Boxer Rebellion creates crisis during McKinley’s re-election

Even as William McKinley was renominated in June 1900 to run for a second term as president, another issue brewing in the Orient began to take up most of his administration’s time.

Economic growth through the exporting of American goods throughout the Open Door Policy of the globe was a priority for McKinley. As Scott Miller articulated in his book “The President and the Assassin,” this is what McKinley had been striving for since the end of the Spanish-American War with the recent acquisition of the territory of Hawaii. He did not want to colonize, but to open markets, combined with the means for U.S. ships to reach them and the Navy to protect them.

China, the one country that had not been consulted as part of the Open Door Policy, still had something to say about foreign powers and their interfering decisions. Chinese peasants who began a grassroots movement called the “Fists of Righteous Harmony” began to travel the nation gathering members wearing red sashes and showing off their skills with martial arts to become what Westerners called “Boxers.”

The Boxer uprising reared its ugly head as Christian missionaries were being slaughtered and foreigners escaped the countryside into two foreign compounds in both Tientsin and Peking, where 800 civilians lived, including a young Herbert Hoover who became our 31st president. He was a freshly minted Stanford University engineering graduate who began to work for a Chinese mining company. There were also 2,500 soldiers from Europe, Japan and the United States inside the walls who were told rumors by the locals of the Boxers’ plan to lay siege to the compounds. By June 1900, almost 50,000 assembled Boxers, as well as imperial troops recently sent by Dowager Empress Cixi, assembled as 60,000 shells from Chinese artillery crews rained down on the compounds. Chinese sharpshooters picked off anything that moved inside the compounds yelling “sha, sha, sha” or “kill, kill, kill.”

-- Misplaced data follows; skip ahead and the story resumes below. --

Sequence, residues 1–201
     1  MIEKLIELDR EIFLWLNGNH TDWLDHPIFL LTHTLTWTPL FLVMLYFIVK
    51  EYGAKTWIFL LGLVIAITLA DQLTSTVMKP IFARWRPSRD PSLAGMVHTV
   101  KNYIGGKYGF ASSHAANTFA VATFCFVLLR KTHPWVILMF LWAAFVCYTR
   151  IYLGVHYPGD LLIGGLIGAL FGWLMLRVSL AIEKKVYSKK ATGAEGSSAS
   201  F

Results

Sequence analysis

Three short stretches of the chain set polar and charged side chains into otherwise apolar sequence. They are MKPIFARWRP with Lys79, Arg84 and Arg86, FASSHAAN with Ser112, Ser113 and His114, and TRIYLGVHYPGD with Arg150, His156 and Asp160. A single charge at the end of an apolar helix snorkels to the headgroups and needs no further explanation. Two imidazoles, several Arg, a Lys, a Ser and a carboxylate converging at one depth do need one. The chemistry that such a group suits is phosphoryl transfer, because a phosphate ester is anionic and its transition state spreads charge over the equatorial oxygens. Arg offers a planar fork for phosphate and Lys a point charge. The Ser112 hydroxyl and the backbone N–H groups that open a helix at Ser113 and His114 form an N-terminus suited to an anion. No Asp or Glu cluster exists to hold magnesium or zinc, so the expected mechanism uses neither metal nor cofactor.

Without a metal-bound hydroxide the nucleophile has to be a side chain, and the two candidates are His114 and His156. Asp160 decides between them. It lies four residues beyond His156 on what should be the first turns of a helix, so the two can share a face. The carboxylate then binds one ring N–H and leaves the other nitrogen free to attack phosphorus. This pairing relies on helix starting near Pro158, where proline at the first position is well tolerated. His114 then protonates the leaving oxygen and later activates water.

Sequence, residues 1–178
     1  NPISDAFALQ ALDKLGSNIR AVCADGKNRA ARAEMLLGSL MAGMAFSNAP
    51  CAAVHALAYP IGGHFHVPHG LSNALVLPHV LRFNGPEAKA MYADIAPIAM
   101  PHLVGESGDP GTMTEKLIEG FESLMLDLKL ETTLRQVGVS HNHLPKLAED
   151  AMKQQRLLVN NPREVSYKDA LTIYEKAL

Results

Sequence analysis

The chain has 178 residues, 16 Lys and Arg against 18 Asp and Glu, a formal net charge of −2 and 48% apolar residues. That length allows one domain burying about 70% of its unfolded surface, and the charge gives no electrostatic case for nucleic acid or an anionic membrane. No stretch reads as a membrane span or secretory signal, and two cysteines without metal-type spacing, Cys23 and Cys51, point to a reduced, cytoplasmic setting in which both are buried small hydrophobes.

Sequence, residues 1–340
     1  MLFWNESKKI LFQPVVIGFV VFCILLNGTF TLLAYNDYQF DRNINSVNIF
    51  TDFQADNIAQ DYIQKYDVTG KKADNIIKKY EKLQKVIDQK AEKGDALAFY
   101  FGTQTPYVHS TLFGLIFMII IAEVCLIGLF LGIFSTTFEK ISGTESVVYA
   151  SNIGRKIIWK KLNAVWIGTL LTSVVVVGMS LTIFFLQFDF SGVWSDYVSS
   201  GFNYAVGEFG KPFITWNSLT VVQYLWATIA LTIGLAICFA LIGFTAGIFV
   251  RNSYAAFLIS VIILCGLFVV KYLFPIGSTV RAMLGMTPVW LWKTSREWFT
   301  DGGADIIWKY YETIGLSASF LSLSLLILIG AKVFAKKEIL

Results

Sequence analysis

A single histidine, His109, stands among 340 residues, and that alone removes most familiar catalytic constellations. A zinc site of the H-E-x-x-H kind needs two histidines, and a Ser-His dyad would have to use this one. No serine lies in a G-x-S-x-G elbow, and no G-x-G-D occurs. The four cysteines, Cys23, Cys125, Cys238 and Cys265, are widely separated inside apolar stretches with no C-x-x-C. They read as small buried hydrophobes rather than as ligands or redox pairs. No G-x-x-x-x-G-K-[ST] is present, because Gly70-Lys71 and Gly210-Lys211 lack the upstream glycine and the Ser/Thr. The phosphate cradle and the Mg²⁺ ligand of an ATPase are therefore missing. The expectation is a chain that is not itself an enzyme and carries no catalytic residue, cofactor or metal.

This is where the 1963 film “55 Days at Peking” starring Charlton Heston, Ava Gardner and David Niven, told the historical epic story about the nearly two-month siege in June and July 1900.

Again, according to Miller’s book, the Boxer Rebellion was a horrifying turn of events for McKinley. Not only did he worry about the safety of Americans trapped in both Tientsin and Peking, but America’s economic and political standing in the Far East were at risk. Should the United States intervene? American troops, shoulder to shoulder with the Europeans, killing Chinese wasn’t how Americans saw themselves. To mount a war against yet another country so soon also was delicious campaign fodder. Eager to paint McKinley as a Midwestern Queen Victoria, William Jennings Bryan, who once again was nominated by the Democrats to run for president, along with his supporters, watched the administration’s unfolding dilemma with a measure of delight. Bryan used the Chinese issue against McKinley to liken America as an imperialist country.

“55 days at Peking” will be continued in my column next month.


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